Part of the historical site at Wounded Knee is up for sale. Should it be developed as a landmark or left in peace out of respect for the Sioux people who died there?
Almost as soon as the 1890 massacre at Wounded Knee was over, the battle to define what happened on that bleak December day began.
For decades afterwards, the official line from Washington was that the actions of the 7th Cavalrymen were heroic.
The White House and its allies in South Dakota had invested much political capital in seizing tribal land for US use, and using the army to quell Native American resistance.
What happened at Wounded Knee was promoted as a definitive end to these so-called "Indian wars", a final victory for the US government.
The administration of President Benjamin Harrison praised the military tactics used by the 7th Cavalry and awarded 20 of the soldiers Medals of Honor.
The New York Times told a different story, writing contemporaneously that the Native Americans had been "robbed when at peace, starved and angered into war, and then hunted down by the government."
At Wounded Knee, as many as 300 unarmed men, women and children were killed. And official reports from some in government criticising the massacre were simply buried.
For the Sioux descendants still living in the Pine Ridge reservation, who remember first-hand accounts of the atrocity, the news that a key part of that painful history could be sold outside the tribe has come as a shock.
A 40-acre parcel of land that's part of the massacre site is up for sale, and its owner has given the tribe until 1 May to come up with the $3.9m (£2.5m) asking price.
If they don't, land owner James Czywczynski says he will be forced to accept one of several offers he has already secured from commercial buyers, who may attempt to capitalize on the land as a tourist attraction.
Many Lakota Sioux say it is a greedy act of blackmail, for land that is worth less than $10,000 on the open market.
The owner claims he was told by a government expert to start with a price of $100,000 per acre, based on the land's historic significance.
Mr Czywczynski, who has held the deed since the late 1960s, says he is exasperated that the tribe hasn't taken him up on earlier offers to sell, saying they've been indecisive for years. Now he's ready to move on.
"They want me to give them the land. Some say I should sell it reasonable," he says, speaking near his home in Rapid City.
"We're going to take the money, and distribute it to the family. Pay off some debts."
Standing on the desolate, snow-covered hilltop where the victims of the event are buried in a mass grave, tribe member Nathan Blindman says he could "still feel the anxiety" of his ancestors.
He, like most other living relatives of massacre victims, believe that developing the land in any way is simply wrong.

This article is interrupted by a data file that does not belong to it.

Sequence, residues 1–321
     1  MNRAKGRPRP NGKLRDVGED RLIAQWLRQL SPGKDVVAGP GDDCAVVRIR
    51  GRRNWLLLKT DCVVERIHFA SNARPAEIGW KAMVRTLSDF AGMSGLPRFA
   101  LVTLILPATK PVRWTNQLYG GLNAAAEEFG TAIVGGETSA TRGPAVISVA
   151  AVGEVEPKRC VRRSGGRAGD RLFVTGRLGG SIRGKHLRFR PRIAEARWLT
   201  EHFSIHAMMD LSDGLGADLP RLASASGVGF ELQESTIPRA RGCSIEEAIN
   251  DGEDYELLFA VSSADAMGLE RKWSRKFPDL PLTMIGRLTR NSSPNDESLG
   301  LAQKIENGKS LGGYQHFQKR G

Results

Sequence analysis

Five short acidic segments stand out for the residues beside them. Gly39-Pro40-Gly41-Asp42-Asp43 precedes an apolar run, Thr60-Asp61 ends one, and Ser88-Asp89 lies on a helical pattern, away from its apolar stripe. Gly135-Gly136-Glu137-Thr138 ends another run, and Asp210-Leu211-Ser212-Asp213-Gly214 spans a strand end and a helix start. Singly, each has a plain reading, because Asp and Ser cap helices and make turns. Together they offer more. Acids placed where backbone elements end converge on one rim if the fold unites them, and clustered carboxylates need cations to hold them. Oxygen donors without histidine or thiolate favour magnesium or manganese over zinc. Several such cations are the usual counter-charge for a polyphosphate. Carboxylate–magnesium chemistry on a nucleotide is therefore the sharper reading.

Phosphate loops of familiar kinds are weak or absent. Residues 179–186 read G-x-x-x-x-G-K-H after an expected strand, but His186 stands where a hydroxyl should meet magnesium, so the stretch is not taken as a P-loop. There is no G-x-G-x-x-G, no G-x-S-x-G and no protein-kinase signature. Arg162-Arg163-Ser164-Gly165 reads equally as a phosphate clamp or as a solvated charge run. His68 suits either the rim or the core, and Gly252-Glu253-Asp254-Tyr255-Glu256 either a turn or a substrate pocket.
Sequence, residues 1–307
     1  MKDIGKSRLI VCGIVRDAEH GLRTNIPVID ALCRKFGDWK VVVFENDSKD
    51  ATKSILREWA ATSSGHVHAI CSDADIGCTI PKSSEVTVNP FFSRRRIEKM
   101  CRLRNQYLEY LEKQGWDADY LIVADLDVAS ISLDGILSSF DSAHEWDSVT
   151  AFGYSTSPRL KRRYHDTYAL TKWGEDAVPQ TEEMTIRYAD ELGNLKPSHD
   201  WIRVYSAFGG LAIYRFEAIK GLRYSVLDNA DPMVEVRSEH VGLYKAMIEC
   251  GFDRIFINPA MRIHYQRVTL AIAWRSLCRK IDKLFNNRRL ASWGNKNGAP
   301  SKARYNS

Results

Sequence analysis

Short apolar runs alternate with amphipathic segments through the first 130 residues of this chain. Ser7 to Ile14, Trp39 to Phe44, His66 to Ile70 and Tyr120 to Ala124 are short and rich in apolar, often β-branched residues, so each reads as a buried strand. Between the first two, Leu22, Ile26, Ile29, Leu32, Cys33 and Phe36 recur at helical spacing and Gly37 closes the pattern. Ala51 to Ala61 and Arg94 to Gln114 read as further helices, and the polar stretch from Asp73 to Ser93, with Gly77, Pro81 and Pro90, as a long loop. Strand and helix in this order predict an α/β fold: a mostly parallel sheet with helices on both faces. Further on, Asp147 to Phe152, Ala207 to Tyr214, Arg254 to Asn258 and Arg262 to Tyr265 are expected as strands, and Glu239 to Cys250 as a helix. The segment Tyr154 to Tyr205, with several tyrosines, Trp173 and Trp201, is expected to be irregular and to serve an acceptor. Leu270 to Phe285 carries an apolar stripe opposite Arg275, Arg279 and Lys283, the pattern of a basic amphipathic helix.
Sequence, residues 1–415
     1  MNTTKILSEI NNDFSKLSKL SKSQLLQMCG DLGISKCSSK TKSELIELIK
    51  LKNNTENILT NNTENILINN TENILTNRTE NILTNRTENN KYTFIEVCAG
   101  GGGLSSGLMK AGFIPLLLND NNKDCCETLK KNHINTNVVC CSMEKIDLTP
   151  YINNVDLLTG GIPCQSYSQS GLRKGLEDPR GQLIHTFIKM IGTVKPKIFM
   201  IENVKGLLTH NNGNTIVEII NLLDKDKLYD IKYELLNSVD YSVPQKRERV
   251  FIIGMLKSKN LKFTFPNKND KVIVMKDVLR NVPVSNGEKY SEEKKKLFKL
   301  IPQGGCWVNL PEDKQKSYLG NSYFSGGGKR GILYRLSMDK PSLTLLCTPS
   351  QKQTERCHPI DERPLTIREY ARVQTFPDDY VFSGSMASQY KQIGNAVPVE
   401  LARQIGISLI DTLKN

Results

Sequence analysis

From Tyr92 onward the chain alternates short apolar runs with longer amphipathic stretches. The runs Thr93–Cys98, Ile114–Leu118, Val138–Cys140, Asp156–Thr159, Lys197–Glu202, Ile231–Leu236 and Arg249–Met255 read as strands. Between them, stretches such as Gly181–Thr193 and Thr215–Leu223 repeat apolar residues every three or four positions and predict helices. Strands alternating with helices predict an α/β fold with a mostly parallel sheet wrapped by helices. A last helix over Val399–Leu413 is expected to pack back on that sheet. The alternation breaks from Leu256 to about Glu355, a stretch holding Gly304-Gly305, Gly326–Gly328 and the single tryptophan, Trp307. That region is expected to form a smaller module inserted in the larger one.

But you only have to be on the Pine Ridge reservation for a short time to realize there is passionate disagreement over the issue.
Brandon Ecoffey, managing editor of the Native Sun News and a member of the tribe, speaks for some in the younger generation, who think rigid sentimentality is a mistake.
He believes that the Oglala-Sioux tribe at Pine Ridge needs to grasp the opportunity to buy the land and then generate income by creating responsible tourism at Wounded Knee. Currently, there is no official memorial at the site.
A memorial or museum would draw people to the area and generate jobs. If the tribe don't have the money to buy the land, they should accept help from outside sources to do so, he says.
"There are a number of memorial sites across the world, where people have created museums…that do justice to the people who died there," he said.
"Not profiting from our history does a disservice to both our community and our ancestors, who I feel would like to see us a little better off than we are right now."
But it is not only the tragic killings of 1890 that give the land in this impoverished corner of South Dakota, which used to make up one tiny part of the Great Sioux Nation, historic significance.
In 1973, several hundred locals, together with radical activists from the American Indian Movement (AIM), poured into the nearby village of Wounded Knee to protest government abuse.
The protest resulted in a violent stand-off with federal agents that went on for 71 days.
The siege galvanized Native Americans throughout the continent, but left deep rifts locally, even within families, and led to murderous retribution on both sides.
At his headquarters in Minneapolis, one of AIM's founders, Clyde Bellecourt, a non-Lakota, says practical concerns should take precedent.
With often squalid-housing conditions, and outsized addiction and suicide rates, he argues, how can tribal government think about wasting resources on a piece of land, regardless of its history?
Many locals wonder why the land doesn't belong to the tribe already - a view echoed in a recent New York Times opinion piece by the youngest leader among the Sioux family in recent memory, Joseph Brings Plenty.
The former chairman of the Cheyenne River Sioux Tribe believes that President Barack Obama could use an executive order to make the site a national monument.
Former construction worker Leon Grass is one of the elders who lives closest to Wounded Knee Creek. He's trying to press the claim of both of his grandmothers, who decades ago were deeded part of the land parcel in question.
He is not optimistic when asked when the pain echoing forward from the 19th Century would finally pass for this deeply wounded people.
"It's going to take some time. It's going to be passed down, from one generation, to another," he says.
But with time ticking down until the sale, it remains unclear whether the land will be passed down as well.